The right window treatments ensure that you get the right balance of style and functionality. Here is what to consider.
No one likes a peeping tom or the feeling of living in an aquarium, so when you’re in the search for window treatments, it is important to consider how much it blocks the inside of your home from the outside world. Treatments like wooden shutters and curtains with black-out linings give you the best bet at privacy. Layer it with inner drapes or sheers so you can pull back the mains to let in natural light when privacy is not needed.
What is the point of windows if you don’t let in the light? When it comes to choosing the right window treatment, make sure your choice offers you the
flexibility to adjust how much light you want. Blinds, either horizontal or vertical are great in this regard as you can open them to varying degrees, allowing for fine control of how much light you end up letting in. Fabric shades are also a good alternative as they still let in a small amount of light even when closed.
Every room in your home, despite being under the same roof, requires unique levels of natural light and privacy. The living room, for example, where your entertainment system lives, can be affected by strong solar glare, so thick curtains with black-out lining is in order. However, If you intend for a room to be your home office or a space for artistic endeavours such as painting, sculpting, crafts, or sewing, natural light is essential. You’ll want window treatments like sheer curtains or roller blinds that allow for more illumination.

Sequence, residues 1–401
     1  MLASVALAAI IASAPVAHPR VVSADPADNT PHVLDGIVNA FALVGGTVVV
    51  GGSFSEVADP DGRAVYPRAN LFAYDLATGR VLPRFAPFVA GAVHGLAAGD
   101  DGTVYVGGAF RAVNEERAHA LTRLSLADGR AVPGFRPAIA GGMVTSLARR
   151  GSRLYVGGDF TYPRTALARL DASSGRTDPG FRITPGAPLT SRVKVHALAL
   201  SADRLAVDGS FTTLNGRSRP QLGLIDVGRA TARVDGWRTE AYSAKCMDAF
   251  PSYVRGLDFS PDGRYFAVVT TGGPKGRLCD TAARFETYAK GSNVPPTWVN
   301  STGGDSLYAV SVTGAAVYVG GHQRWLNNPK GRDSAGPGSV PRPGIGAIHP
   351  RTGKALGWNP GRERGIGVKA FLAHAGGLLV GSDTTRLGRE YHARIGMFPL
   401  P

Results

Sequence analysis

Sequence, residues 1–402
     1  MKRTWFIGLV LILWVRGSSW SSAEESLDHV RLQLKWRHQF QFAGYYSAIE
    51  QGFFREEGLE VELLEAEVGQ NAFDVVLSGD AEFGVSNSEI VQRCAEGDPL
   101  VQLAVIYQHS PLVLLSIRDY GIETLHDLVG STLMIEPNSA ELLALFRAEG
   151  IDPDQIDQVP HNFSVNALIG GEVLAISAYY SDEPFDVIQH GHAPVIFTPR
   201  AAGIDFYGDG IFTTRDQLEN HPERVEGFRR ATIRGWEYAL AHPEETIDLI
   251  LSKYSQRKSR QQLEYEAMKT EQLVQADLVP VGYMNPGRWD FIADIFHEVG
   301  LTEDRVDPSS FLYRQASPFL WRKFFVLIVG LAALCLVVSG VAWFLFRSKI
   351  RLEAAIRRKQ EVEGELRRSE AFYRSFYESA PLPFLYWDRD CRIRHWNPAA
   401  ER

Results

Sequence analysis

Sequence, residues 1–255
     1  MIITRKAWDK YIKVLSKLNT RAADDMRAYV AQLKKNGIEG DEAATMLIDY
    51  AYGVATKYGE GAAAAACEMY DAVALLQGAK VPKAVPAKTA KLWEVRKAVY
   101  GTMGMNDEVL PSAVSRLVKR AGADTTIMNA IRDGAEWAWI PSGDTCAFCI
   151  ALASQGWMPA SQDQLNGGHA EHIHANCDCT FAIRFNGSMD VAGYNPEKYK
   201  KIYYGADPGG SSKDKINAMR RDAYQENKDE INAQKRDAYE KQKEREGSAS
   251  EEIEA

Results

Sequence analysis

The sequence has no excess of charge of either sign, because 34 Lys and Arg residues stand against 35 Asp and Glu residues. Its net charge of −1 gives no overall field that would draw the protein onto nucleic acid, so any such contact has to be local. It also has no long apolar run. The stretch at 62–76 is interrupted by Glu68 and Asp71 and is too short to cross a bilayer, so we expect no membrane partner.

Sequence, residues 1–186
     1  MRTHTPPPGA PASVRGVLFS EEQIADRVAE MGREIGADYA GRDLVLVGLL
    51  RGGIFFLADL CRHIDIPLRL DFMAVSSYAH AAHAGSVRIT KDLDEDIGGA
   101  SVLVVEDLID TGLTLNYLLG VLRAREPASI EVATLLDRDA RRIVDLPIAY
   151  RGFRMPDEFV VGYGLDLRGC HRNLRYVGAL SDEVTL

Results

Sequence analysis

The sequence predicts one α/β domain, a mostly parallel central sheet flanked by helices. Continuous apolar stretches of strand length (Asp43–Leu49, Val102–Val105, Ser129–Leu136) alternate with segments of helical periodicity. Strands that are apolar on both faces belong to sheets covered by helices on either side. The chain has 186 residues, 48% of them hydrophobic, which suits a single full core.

4. ROOM DECOR
Functionality aside, no one wants a window treatment that looks out of place in relation to the rest of the room. So, it’s essential that you find ones that match with the overall aesthetic of the space. It is not only the look, but also the type of treatment that might or might not work. For example, vertical blinds would not look appropriate for a vintageinspired aesthetic, and grand heavy curtains do not work with a minimalist interior. Consult a certified interior designer so as to avoid making a mistake that you’ll have to live with in the long run.
5. ENERGY CONSIDERATIONS
Beyond looks and practicality, there is the environment to consider, even when it comes to something like your window treatment. How well a treatment insulates heat or keeps out light ties intimately to your energy consumption. For the tropical heat, one might consider a window treatment with an insulating layer to keep the heat out to diminish the need for air conditioning. For rooms with smaller windows, use sheer curtains if privacy is not a concern to maximise natural sunlight and minimise the use of artificial light.